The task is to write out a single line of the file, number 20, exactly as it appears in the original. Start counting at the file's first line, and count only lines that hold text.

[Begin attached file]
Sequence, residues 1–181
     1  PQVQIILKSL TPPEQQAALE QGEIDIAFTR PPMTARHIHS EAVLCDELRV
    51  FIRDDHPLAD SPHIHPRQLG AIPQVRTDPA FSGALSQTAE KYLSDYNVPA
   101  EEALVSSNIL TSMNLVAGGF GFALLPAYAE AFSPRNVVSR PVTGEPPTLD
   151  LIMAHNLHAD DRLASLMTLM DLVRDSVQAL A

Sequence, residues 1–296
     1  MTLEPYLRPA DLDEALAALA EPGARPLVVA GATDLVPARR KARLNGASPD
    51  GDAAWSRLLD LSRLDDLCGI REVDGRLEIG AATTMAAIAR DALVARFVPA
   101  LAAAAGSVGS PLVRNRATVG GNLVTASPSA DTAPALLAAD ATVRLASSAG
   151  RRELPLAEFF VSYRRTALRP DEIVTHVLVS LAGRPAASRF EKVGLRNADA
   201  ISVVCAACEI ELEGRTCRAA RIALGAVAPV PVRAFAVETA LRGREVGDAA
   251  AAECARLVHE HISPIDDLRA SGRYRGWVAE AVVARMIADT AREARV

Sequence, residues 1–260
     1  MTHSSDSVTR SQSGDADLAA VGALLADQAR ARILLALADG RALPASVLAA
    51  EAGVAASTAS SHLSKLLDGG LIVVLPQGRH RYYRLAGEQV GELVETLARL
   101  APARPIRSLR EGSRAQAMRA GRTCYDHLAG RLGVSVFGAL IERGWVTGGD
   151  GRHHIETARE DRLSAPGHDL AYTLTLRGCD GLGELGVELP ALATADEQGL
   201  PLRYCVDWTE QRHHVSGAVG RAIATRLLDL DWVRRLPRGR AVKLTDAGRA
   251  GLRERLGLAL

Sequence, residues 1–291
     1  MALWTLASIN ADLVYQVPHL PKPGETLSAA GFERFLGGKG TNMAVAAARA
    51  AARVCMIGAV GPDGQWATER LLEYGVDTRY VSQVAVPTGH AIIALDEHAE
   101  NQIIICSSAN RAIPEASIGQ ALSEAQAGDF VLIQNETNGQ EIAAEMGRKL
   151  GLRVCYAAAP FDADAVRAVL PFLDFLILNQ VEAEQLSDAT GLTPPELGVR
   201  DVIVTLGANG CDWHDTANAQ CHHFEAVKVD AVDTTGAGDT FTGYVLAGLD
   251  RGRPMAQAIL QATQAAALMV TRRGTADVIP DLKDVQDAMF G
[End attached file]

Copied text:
Sequence, residues 1–291